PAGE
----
I found The Priory of the Orange Tree to be an enjoyable read that was incredibly well thought out. The character development was great, the world building was incredible and the plot was easy to follow. Despite the fact that the first half of the book was slower than the second half and the long chapters, I did find this to be a satisfying read and a really fantastic standalone book. I would absolutely recommend this book.

Enchantée by Gita Trelease

 

Title: Enchantée

Author: Gita Trelease

Pages: 459

Publisher: Pan Macmillan

Published: 2019

Source: ARC (Gifted by MyKindaBook, thanks!)

Rating: ★★★★


Paris in 1789 is a labyrinth of twisted streets, filled with beggars, thieves, revolutionaries—and magicians…

When smallpox kills her parents, Camille Durbonne must find a way to provide for her frail, naive sister while managing her volatile brother. Relying on petty magic—la magie ordinaire—Camille painstakingly transforms scraps of metal into money to buy the food and medicine they need. But when the coins won’t hold their shape and her brother disappears with the family’s savings, Camille must pursue a richer, more dangerous mark: the glittering court of Louis XVI and Marie Antoinette.

With dark magic forbidden by her mother, Camille transforms herself into the ‘Baroness de la Fontaine’ and is swept up into life at the Palace of Versailles, where aristocrats both fear and hunger for la magie. There, she gambles at cards, desperate to have enough to keep herself and her sister safe. Yet the longer she stays at court, the more difficult it becomes to reconcile her resentment of the nobles with the enchantments of Versailles. And when she returns to Paris, Camille meets a handsome young balloonist—who dares her to hope that love and liberty may both be possible.

But la magie has its costs. And when Camille loses control of her secrets, the game she’s playing turns deadly. Then revolution erupts, and she must choose—love or loyalty, democracy or aristocracy, freedom or magic—before Paris burns…


I have been wanting to read Enchantée since I first heard of it and it was pretty much everything I had hoped for. It had magic, the glamour of court (or should I say, glamoire), a Parisian setting and a lovely romance. It also had a feature of Marie Antoinette, although she didn’t pop up very often.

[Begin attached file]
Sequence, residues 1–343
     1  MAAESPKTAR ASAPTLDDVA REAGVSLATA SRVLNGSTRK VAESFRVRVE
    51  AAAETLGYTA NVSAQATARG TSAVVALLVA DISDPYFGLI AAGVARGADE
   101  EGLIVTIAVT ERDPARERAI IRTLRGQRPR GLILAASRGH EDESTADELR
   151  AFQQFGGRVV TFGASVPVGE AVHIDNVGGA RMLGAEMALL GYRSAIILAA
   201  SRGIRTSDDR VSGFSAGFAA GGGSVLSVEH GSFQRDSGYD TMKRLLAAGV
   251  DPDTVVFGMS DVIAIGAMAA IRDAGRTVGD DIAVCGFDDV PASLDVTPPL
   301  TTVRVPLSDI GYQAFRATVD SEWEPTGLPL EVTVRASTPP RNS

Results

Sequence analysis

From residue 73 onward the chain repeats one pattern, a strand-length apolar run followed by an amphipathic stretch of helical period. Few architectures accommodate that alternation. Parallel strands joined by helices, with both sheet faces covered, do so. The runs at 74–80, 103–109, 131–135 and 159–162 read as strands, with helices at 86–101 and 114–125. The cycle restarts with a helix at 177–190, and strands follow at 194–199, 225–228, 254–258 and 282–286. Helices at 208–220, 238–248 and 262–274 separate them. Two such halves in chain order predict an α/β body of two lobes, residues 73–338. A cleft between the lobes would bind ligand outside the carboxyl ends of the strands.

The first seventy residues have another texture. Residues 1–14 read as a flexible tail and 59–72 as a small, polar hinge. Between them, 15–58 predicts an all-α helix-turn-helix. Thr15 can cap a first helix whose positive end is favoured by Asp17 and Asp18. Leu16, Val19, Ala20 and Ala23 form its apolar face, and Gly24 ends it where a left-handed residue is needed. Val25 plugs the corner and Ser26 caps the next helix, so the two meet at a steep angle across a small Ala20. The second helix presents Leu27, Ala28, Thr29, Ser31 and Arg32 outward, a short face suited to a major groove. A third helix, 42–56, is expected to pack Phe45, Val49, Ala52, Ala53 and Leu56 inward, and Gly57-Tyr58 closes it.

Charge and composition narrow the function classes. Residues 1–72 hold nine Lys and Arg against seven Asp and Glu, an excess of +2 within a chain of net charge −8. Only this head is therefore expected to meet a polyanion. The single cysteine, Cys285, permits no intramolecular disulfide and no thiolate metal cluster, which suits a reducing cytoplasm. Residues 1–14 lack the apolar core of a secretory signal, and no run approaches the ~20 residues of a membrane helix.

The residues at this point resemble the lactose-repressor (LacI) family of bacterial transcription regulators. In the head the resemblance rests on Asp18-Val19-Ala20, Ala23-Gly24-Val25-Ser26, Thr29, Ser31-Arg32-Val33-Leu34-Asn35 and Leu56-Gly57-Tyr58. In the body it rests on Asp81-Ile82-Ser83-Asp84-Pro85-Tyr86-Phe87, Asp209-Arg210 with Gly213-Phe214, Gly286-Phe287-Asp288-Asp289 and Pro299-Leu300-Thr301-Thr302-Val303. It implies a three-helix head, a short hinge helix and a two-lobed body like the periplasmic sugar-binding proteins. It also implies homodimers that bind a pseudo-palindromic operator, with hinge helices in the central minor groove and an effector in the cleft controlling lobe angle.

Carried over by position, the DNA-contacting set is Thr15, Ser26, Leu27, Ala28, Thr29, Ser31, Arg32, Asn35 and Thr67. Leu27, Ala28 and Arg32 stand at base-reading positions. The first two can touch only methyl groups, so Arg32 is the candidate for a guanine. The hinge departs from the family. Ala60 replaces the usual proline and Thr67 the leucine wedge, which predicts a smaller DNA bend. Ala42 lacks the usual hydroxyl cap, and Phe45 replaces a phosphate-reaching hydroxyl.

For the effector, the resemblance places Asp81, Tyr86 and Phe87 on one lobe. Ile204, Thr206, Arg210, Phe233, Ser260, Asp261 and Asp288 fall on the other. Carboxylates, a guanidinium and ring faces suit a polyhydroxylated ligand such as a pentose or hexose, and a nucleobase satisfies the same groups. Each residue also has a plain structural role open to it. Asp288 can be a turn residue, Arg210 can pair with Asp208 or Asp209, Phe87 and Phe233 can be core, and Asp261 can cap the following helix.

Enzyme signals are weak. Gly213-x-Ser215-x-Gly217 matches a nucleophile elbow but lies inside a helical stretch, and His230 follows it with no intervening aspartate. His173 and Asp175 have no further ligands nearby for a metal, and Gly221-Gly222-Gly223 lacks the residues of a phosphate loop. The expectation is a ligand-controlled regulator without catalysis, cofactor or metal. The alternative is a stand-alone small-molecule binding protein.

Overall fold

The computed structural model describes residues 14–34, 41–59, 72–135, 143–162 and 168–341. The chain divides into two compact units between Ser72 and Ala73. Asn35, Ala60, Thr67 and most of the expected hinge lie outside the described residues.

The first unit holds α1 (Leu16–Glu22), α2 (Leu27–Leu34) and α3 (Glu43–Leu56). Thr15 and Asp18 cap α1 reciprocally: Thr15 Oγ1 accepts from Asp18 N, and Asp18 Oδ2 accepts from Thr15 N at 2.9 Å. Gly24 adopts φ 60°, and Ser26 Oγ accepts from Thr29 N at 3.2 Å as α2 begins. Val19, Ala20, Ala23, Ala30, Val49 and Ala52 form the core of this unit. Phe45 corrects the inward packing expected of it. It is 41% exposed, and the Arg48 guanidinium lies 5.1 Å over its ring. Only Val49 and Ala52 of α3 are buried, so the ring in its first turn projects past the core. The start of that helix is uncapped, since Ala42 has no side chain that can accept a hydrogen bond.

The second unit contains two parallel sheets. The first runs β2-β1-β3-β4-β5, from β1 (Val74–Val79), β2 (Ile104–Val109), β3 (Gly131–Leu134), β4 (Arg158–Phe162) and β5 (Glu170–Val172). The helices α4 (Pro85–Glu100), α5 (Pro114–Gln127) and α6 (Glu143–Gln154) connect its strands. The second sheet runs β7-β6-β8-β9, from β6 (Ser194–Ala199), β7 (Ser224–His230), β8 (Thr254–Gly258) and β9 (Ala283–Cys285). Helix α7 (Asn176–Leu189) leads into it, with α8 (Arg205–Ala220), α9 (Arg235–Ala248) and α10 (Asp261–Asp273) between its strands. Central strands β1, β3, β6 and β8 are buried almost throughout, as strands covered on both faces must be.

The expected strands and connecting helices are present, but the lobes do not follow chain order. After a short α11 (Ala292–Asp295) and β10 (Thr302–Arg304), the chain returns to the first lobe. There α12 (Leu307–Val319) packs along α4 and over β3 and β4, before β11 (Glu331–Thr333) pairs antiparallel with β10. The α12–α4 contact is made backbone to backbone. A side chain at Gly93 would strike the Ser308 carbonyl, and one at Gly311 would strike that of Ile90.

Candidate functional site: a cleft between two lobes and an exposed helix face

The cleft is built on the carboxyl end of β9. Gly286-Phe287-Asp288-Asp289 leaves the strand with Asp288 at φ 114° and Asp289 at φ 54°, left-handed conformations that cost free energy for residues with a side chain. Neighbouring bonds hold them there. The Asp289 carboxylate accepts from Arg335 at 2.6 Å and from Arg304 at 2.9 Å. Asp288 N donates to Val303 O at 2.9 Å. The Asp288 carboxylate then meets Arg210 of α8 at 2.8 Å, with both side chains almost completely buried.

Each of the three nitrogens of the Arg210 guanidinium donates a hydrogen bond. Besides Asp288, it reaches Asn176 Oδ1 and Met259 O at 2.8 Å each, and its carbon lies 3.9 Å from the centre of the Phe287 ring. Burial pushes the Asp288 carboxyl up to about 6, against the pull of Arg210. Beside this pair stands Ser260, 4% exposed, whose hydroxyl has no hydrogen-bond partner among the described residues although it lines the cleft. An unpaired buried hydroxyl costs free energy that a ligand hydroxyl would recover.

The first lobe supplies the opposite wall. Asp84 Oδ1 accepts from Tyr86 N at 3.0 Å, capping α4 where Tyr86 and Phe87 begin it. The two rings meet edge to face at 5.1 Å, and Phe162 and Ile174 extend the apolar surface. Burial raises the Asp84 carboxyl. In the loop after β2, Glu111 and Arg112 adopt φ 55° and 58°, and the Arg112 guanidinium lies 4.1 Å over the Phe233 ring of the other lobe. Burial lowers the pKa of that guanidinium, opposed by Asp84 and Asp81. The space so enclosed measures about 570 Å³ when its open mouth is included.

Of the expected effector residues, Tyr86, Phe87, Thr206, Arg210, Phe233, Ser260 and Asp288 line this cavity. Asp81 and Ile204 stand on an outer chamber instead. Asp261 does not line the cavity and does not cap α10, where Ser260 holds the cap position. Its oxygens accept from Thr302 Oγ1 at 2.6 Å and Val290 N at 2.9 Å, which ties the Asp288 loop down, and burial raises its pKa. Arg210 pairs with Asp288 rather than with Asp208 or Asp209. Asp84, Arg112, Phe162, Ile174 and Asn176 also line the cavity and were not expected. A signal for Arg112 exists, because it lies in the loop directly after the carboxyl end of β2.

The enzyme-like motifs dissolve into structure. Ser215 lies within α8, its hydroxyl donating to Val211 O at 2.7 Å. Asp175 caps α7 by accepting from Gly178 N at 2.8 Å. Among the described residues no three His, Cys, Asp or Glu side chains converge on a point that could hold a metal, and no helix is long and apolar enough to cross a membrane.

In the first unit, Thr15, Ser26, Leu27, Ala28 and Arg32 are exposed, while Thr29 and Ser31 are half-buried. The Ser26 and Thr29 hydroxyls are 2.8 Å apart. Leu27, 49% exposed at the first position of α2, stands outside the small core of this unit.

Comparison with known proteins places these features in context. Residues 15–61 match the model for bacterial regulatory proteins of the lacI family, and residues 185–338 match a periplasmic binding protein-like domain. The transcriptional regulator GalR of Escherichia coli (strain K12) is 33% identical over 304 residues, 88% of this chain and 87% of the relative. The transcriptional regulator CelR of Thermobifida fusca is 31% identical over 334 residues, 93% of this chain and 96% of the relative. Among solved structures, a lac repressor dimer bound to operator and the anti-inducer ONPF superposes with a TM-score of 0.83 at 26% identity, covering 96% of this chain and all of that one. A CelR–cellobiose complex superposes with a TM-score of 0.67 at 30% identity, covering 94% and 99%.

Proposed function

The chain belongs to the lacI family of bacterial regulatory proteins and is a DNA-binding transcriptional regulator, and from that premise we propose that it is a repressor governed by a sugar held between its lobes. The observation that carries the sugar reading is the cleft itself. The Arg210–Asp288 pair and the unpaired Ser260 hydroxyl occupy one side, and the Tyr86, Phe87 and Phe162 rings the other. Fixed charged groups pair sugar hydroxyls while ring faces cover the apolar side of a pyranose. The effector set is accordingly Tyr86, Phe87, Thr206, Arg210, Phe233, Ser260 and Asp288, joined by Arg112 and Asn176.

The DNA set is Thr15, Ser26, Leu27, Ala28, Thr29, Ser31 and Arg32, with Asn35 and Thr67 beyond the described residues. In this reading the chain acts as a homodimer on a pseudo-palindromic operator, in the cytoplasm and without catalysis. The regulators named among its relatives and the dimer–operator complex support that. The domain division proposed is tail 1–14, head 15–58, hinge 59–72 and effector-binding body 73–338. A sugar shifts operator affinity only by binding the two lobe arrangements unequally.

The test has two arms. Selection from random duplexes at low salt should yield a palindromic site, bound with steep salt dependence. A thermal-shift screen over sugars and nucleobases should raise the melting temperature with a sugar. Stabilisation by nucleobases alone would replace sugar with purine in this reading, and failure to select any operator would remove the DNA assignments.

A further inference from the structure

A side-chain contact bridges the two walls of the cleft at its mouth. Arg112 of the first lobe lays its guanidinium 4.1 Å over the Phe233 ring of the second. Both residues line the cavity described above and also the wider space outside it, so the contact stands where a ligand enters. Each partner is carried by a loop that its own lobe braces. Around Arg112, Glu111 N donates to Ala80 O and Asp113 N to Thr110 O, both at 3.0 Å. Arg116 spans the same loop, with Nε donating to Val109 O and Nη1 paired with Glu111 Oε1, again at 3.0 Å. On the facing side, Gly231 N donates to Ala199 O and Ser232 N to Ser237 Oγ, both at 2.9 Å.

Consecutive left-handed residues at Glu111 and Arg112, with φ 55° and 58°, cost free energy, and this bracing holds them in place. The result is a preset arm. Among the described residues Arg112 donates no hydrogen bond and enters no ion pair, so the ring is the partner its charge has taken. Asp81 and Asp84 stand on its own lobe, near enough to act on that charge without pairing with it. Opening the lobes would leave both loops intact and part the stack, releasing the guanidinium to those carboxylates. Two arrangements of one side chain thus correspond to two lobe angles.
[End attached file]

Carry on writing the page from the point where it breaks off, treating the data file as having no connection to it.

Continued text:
The plot of Enchantée is simple to follow. Camille, her sister Sophie and brother Alain are orphans who are trying to survive. Camille is the only one of her family that is able to work la magie and so, in order to make money, she goes to Versailles to help her family out. There, she comes across trouble.

Camille is our main character who is very focussed on doing anything to ensure that neither herself or her sister, Sophie, fall into poverty and face a worse fate. Camille definitely grows in this book as she has to deal with her alcoholic and gambling brother Alain, but also the threat of being found out that she can work magic to her will at Versailles. Camille essentially lives a double life throughout this book, but as her confidence grows thanks to the ‘fake’ life she’s living, this affects her attitude throughout the book on both sides.

During Enchantee, we see the introduction of other characters including Lazare who is working on a hot air balloon with Rosier and Armand. Lazare is a character who is trying to hide his roots but needs to use his connections at the same time to aid him in his work. He is a fairly significant character in this book. Armand is a character who felt a little unnecessary as he didn’t really take to Camille and there was no real reason why. Rosier was a very happy character who was a whirlwind of positivity on the page.

Whilst Camille is living her double life at Versailles, she meets Chandon and Aurelie, two characters who turn out to be great friends to Camille. With the introduction of these two characters, I feel like this changed Camille’s attitude towards the elite class of society as at first, she sort of resents the upper classes but throughout the book, her outlook on the upper classes changes.

This book was set in Paris and Versailles. I enjoyed seeing the contrast between the two, particularly as I felt that they helped to separate between Camille’s real life and her fantasy life. I think that this helped to show the contrast between how the rich and poor lived in France at this time. I also think that this lent to the fact that it felt like there were almost two stories that were running side by side.